Despite having reached the dignified age of 93, the Queen wants you to know she is “still perfectly capable of planting a tree.”

According to The Telegraph, these comments came yesterday in the Queen’s visit to Cambridge’s National Institute of Agricultural Botany. 

The monarch, covered in a pink coat, consequently walked the talk as she laboriously planted a shovel into the earth. 

“On the rehearsal, the idea was that she would supervise the planting of a tree,” the chief executive of the institute claimed. 

However, in a series of strokes, the Queen heaved up soil and padded it down to cover the exposed roots of a newly placed Hornbeam. 

“Somebody’s going to have to plant it properly now,” the Queen said when her work there was done.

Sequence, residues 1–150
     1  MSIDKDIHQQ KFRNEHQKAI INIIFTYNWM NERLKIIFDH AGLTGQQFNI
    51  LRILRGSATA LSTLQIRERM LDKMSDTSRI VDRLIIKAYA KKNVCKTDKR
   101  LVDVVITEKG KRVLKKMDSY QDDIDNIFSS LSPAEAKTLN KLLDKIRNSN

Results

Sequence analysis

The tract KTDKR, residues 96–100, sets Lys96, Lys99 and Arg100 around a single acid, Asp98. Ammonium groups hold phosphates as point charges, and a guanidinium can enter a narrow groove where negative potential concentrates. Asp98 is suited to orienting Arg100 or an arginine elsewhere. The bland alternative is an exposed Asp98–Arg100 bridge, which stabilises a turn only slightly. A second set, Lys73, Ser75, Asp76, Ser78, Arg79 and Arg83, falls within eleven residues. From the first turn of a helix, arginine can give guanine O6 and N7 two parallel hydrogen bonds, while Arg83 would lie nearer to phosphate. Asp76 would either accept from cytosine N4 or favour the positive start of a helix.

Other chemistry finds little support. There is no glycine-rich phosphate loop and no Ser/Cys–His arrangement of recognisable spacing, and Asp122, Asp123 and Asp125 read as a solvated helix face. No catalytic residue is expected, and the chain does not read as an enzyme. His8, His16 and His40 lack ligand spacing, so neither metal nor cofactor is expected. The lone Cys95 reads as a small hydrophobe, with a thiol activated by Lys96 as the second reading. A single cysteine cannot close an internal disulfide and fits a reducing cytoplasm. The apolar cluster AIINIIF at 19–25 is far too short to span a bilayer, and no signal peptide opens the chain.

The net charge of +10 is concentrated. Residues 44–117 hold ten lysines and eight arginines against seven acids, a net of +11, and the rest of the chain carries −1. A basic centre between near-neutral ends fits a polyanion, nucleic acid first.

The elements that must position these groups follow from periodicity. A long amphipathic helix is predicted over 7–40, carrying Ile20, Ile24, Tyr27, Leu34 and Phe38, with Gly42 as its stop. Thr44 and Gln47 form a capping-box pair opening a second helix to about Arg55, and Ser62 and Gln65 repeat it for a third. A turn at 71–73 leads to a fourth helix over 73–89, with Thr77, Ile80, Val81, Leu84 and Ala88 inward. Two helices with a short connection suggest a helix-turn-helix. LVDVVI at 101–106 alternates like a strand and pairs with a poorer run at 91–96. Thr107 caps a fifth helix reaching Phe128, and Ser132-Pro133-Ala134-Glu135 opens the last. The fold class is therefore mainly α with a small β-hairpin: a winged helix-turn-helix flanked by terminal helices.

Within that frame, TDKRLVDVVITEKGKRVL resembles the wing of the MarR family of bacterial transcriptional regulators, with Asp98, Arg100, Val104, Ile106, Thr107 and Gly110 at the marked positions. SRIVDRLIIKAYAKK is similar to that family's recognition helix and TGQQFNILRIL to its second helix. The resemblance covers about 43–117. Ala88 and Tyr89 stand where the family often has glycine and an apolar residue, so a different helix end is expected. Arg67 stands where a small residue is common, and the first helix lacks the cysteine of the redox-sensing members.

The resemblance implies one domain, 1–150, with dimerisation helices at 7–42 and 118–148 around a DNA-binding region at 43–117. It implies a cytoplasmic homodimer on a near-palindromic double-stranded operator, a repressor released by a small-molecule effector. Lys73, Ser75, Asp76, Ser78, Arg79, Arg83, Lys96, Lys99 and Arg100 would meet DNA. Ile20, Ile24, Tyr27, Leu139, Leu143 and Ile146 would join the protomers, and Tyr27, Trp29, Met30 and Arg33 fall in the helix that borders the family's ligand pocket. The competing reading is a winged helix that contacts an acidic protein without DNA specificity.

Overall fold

Nearly a hundred years ago, the Queen’s grandmother performed a similar act at the same institute. As Chris Ship, an English journalist reminded folks over Twitter, “tree planting is something of the day job for members of the Royal Family.”

The National Institute of Agricultural Botany was celebrating a centennial of research into crops. Along with the Queen for her visit was the Duchess of Gloucester. 

On the Queen’s tour through Cambridge, she has also officiated the opening of a new location for the Royal Papworth Hospital. 

Outside the hospital’s doors, she met with several children and unveiled a plaque to the sound of applause. 

Of course, the old medical centre has a rich legacy that would warrant a visit from Britain’s longest reigning monarch. It was the scene of the world’s first successful lung, liver, and heart transplant. 

Moreover, the site was used to treat soldiers with tuberculosis during World War I.

John Mollack, chairman of the foundation that manages the hospital, told the BBC that “it’s a huge honour for ourselves and for the hospital and the biomedical campus to have the Queen come.